Towards consolidated rules for Product Placement in Italy?

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Branded content is a hype word. Audiovisual content is meddled with products and vice-versa, while advertisers are more creative in devising new solutions. Within this context product placement is becoming increasingly important. But what are the main rules for product placement? Has anything changed? What are the current trends?

A lot changed since the times in which product placement was not allowed (and a lot of producers were in any event doing it!). Since the legislative decree no. 44.2010, there are clear rules for product placement in Italy also for audiovisual media services, including films and TV series, sports and “light entertainment” programmes (excluding children’s programmes). The main rules on product placement provide that:

- product placement must not affect the editorial independence of the broadcaster / audiovisual media services provider;

- programmes shall not give undue prominence to the “placed” products, and should not directly encourage the sale or rental of such products;

- viewers shall be clearly informed about the existence of any product placement in the programme, at the start and at the end of the programme and after any advertising break (where the programme is commissioned by the audiovisual media services provider);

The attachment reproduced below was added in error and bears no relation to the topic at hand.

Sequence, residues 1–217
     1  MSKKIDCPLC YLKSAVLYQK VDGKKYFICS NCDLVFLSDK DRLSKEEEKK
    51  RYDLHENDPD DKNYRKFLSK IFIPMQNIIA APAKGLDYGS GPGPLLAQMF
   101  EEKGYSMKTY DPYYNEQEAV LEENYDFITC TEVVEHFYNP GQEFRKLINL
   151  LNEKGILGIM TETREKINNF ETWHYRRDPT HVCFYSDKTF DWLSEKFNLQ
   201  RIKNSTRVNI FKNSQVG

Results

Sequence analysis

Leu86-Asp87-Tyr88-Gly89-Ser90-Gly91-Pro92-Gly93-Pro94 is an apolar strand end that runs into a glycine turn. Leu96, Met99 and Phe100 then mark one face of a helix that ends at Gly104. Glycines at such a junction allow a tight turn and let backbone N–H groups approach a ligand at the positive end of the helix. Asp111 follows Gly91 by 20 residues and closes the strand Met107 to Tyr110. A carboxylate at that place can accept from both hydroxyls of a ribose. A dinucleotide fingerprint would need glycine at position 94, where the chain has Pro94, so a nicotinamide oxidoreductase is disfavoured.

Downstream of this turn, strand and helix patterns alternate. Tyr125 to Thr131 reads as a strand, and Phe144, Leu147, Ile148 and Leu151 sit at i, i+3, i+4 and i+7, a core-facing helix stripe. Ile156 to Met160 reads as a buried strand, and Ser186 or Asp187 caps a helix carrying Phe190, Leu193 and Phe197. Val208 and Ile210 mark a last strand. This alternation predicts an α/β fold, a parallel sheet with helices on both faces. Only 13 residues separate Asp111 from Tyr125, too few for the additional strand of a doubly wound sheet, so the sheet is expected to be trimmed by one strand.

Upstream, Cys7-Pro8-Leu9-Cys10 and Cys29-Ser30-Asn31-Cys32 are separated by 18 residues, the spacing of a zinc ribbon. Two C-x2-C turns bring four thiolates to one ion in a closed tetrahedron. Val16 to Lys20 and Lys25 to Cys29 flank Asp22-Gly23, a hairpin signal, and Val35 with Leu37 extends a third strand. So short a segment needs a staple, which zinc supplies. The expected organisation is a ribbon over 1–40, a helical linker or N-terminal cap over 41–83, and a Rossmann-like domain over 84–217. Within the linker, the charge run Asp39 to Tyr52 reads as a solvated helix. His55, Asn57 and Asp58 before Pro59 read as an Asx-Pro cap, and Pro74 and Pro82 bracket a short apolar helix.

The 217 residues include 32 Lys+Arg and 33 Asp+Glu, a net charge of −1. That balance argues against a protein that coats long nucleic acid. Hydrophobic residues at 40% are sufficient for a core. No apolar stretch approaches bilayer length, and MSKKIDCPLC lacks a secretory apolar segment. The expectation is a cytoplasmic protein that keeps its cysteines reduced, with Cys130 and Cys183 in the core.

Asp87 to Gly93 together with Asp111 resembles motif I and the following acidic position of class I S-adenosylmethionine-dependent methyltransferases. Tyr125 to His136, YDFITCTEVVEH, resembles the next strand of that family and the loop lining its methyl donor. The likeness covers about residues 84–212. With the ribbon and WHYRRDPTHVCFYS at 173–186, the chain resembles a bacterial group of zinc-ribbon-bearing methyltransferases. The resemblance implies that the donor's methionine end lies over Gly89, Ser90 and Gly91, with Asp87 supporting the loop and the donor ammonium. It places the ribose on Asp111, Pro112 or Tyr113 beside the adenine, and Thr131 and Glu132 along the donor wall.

- there can be no product placement for tobacco or medical products available on prescription.

While the underlying principles are not controversial, there are still a number of issues that are subject to interpretation.

For instance, the is no clarity as to what is to be considered an undue prominence for the placed products. Recent trends consider undue prominence when, among other things, it affects the objectivity of the description, or it entails an excessive frequency of quotation / references / images of the product. The quotation / reference / image frequency is not clearly defined (and most doubt it can ever be defined on a general basis, given that it should be considered within the overall context of the programme).

Another issue relates to the relationship with sponsorships. Most commentators now consider product placement and sponsorship perfectly compatible, so that the same subject can be at the same time “product placer” and “sponsor” of the programme (and provided that, individually, the relevant regulations on sponsorship and product placement are complied with).

These are very interesting trends. As to future trends, a key role will be played by the specific committee set out by the Italian Communications Authority (AGCOM), which will monitor the audiovisual media services providers and their self-regulatory codes.